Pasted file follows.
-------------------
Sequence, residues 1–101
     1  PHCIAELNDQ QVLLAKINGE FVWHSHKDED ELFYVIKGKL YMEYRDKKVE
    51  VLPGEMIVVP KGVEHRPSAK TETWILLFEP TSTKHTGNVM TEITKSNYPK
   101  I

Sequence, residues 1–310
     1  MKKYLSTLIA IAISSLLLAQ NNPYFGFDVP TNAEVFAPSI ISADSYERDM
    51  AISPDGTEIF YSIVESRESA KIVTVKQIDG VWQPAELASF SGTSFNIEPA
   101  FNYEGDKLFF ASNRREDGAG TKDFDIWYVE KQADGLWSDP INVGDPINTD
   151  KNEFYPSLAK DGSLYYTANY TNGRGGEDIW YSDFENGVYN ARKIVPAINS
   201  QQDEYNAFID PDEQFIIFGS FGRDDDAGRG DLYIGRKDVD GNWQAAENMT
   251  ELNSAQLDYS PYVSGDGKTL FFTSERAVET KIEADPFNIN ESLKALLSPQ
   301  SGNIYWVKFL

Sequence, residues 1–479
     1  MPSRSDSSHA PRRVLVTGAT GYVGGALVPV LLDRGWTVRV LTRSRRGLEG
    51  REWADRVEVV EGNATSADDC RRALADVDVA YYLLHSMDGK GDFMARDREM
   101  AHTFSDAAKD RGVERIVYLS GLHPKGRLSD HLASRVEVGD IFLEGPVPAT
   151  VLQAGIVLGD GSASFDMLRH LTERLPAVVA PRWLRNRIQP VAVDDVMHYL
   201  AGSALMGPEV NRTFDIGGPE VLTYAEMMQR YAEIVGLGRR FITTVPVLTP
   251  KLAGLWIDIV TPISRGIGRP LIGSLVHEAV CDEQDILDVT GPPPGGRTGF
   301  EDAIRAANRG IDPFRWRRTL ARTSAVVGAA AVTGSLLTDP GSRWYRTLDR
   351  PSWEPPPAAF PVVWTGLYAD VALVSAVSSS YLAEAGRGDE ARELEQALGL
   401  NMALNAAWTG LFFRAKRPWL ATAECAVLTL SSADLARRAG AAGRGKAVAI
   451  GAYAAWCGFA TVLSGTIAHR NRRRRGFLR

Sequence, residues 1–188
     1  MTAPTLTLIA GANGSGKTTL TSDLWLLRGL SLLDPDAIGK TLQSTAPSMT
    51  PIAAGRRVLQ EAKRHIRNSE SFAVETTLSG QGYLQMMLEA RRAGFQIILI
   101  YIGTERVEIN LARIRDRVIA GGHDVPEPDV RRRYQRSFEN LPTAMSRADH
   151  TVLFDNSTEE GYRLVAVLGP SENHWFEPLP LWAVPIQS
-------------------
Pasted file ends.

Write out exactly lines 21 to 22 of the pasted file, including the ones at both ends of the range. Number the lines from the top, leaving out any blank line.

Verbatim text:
   351  PSWEPPPAAF PVVWTGLYAD VALVSAVSSS YLAEAGRGDE ARELEQALGL
   401  NMALNAAWTG LFFRAKRPWL ATAECAVLTL SSADLARRAG AAGRGKAVAI